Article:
Playlists as love letters

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If I make you a playlist, just know you hold a place in my heart. Compiling tracks into one perfectly packed electronic parcel is an emotional art. It is my version of a love letter: When I sit down and move songs across Spotify, I have a specific person in mind and I express everything that my words simply cannot.

I learned from on-screen love stories, studying all the mixtapes, playlists, burned CDs and in-person serenades from my favorite cinematic characters. Charlie’s painstakingly curated disc for Patrick in “The Perks of Being a Wallflower,” Rob’s desert island picks on “High Fidelity” (the Zoë Kravitz adaptation) or Michael Cera’s break-up mixes in “Nick and Norah’s Infinite Playlist” — all of these prove the power behind a playlist.

While I am still awaiting the pinnacle moment where a playlist will factor into my romantic fate, I can at least prepare through more platonic playlists. Regardless of the relationship I have with my intended recipient, making playlists always inspires feelings of infatuation and yearning. 

Just like a love letter, the structure of a playlist is pertinent to what is communicated. It has a grand opening, an anticipatory lead up to a climactic point, before a conclusion seals off the message. It’s all so delicate and determined, the placing of specific songs, one track leading to another.

I like to select openings that start out small, before growing into their fullest expressions. “Onie” by The Electric Prunes, “Tezeta” by Mulatu Astatke, “Cry Baby Cry” by Ramsey Lewis or even “Mexican Dream” by Piero Piccioni have all earned their rightful places as introductions to my lyrical love letters. Each track incorporates soft strings and a mellow bass line that increases in intensity before slowing down to let the next song take over. In the exposition, the songs speak to the sensation of when you see someone for the first time, or maybe for the first time in a long time.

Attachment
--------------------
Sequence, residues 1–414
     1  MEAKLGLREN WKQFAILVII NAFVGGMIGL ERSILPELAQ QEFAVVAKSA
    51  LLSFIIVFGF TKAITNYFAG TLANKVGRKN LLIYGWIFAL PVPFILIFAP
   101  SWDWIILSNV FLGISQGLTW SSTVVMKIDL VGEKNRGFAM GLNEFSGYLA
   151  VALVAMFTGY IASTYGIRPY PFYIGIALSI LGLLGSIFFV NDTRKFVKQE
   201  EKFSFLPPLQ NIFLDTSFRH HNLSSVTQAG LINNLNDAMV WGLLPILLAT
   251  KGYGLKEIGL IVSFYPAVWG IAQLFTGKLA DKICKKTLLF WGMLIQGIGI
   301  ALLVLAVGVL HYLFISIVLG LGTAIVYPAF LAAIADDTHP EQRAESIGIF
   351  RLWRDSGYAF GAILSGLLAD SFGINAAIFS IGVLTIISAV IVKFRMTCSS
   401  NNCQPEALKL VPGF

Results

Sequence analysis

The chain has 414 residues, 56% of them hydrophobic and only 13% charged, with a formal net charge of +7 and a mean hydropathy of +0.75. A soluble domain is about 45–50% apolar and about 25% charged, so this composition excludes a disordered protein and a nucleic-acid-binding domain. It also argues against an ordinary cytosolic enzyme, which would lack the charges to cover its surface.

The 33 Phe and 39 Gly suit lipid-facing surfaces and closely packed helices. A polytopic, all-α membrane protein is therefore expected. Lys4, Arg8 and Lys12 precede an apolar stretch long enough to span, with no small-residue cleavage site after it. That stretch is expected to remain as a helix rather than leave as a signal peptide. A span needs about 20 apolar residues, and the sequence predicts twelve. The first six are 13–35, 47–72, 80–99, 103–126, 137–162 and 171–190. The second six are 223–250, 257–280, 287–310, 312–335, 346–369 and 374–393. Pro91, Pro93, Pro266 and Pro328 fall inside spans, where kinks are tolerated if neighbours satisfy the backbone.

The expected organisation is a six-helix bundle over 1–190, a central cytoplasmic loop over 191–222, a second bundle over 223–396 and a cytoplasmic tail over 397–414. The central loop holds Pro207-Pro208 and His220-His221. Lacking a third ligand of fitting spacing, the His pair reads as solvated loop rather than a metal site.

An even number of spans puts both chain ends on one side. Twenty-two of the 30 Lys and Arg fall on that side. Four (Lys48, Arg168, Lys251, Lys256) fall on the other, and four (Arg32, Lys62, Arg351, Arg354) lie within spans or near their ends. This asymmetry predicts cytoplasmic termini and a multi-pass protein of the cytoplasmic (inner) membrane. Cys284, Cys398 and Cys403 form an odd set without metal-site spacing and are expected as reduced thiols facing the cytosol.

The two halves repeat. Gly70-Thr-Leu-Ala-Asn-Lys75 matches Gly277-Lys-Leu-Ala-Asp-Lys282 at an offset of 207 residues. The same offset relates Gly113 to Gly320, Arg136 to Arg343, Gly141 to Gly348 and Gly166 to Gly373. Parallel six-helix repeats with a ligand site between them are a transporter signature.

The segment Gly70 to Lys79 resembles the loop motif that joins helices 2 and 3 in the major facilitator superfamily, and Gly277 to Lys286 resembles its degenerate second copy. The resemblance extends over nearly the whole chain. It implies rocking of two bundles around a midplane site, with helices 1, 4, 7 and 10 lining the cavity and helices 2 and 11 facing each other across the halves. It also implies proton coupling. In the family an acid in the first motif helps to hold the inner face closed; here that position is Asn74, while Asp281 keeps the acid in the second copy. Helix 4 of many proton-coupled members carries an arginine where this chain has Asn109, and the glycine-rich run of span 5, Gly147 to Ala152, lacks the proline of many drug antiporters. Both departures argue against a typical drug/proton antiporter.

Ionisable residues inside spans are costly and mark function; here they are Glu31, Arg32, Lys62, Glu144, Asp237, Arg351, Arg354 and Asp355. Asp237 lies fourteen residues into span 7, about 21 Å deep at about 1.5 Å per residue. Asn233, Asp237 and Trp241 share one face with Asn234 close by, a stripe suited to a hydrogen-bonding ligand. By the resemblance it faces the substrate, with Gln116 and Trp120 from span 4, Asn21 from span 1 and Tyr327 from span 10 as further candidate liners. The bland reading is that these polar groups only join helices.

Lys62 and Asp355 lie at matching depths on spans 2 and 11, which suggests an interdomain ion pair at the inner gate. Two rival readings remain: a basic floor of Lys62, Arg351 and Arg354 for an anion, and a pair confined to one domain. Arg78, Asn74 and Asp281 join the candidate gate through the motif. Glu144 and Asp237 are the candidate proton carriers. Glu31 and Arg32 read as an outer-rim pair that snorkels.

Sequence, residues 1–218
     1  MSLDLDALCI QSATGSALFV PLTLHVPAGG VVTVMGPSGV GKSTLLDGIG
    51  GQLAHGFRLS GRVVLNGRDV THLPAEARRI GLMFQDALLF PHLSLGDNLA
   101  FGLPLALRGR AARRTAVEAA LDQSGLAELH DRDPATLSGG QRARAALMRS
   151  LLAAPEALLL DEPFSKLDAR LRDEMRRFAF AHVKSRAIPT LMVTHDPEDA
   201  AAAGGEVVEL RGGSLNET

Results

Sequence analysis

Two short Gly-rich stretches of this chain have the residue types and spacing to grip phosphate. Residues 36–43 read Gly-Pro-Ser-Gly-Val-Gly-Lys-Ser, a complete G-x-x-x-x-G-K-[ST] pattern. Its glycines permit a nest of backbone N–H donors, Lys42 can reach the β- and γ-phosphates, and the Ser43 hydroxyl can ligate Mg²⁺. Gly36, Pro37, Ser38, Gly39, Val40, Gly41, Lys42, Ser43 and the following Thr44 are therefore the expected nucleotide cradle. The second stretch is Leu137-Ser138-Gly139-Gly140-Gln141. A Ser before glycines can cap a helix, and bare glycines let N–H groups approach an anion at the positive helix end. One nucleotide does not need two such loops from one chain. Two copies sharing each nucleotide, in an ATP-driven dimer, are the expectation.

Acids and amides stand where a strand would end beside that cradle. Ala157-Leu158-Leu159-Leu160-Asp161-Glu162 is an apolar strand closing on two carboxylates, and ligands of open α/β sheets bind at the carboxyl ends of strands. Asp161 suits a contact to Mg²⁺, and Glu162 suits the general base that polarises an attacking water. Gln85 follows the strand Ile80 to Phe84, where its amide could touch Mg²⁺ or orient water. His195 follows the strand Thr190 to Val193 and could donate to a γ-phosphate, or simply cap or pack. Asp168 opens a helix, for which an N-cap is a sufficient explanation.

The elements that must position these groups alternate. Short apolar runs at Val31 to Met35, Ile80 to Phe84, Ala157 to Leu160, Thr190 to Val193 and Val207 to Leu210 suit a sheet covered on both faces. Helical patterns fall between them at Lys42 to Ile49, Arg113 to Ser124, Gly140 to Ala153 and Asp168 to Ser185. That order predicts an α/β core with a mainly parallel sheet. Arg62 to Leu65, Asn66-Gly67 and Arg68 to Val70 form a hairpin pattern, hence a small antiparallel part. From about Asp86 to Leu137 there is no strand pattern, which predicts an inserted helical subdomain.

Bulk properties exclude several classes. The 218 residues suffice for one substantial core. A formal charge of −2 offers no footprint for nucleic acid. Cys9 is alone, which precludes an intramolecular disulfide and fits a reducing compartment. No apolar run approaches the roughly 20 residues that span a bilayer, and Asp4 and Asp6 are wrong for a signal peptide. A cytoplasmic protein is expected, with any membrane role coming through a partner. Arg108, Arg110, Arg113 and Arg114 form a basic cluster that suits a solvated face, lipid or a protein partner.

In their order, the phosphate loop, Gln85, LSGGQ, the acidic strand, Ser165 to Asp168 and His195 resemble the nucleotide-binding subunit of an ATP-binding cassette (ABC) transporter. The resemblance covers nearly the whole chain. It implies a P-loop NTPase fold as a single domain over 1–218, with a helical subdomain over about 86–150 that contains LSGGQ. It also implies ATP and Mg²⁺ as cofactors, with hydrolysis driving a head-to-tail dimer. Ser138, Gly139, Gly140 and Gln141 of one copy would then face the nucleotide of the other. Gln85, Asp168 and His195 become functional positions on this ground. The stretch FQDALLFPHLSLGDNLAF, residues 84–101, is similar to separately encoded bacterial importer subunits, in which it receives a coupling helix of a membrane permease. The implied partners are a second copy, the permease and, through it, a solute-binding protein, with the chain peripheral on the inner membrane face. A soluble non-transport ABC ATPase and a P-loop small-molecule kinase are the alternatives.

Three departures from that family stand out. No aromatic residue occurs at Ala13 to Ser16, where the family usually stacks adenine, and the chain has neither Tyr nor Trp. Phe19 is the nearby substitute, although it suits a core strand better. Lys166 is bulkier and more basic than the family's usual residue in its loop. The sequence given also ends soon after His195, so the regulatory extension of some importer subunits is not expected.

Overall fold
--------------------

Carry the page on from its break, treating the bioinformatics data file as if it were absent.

From there, the tone of the playlist builds up to the peak with faster tempo tracks and more intense instrumentation. I begin to question what my love letter is trying to say. What is the temporality of this relationship — blossoming and new, or matured and developed? Do I want to detail how my skin tingles at the sight of someone, how my body fills with excited exaltations? Or perhaps should I speak to the longing, yearning wishes beckoned by absence? 

The climax falls in line with the emotion of its neighboring tracks, but offers something completely new. It acts as a surprise; this is the part of your film where the boombox is hoisted above your head in an ardent act of devotion. Reflecting on past love letters, I have often turned to Blondie’s “Heart of Glass,” David Bowie’s “Modern Love” or the Equatics’ “Where Is Love?” for a heartbreaking high. 

For slower playlists, perhaps the peak is not as obvious. It sneaks up slow, with the tracks leading up to it, lulling the listener into an easy sense of euphoria. From there, the climatic song almost blends into the playlist, but still evokes an intensified and sentimental emotion. Tracks such as “Is It Any Wonder?” by Durand Jones & The Indications or even “Ladyfingers” by Herb Alpert & The Tijuana Brass offer a softer alternative for a climatic track, while still acting as a call for affection. 

As words are woven into sentences, the instrumentation of tracks form fluid phrases that encapsulate emotions. I tend to turn to wordless songs that detail the message I am trying to convey 10 times over. Yo La Tengo’s “Green Arrow,” “Home Again” by Menahan Street Band and Alabaster DePlume’s “Whisky Story Time” all leave room for interpretation while listening. They act as reflective pauses through the playlist, creating room for the tracks to breathe between each declaration or intensified musical phrase. 

As I wind down to the final tracks of the love letter, I search for a way to wrap up everything I’ve said leading to this moment. Do I now decide to be reflective with a more soothing synthesis, or offer something new to provoke curiosity from the listener? To tenderly tie up the list, I have turned to tracks such as Brian Eno’s “Deep Blue Day” or Dorothy Ashby’s “Come Live With Me.” For more of an unanswered ending, I go for Luiz Bonfá’s “Preludio” or The Virgins’ “Love is Colder Than Death” to keep my listener on their toes. That is my final signature, the final note before signing off, only to wait for their reply. 

My love life differs entirely from John Cusack’s in “High Fidelity,” but I have to hand it to the writers for noting the potential of a playlist. Cusack’s Rob said it best: “The making of a good compilation tape is a very subtle art.” 

Cusack was right — it is a delicate art to string together the love letters of other artists to form your own. Their recipients are unbeknownst to you and your life, but by selecting their tracks, you are bringing them into yours.

Contact Francesca Hodges at [email protected].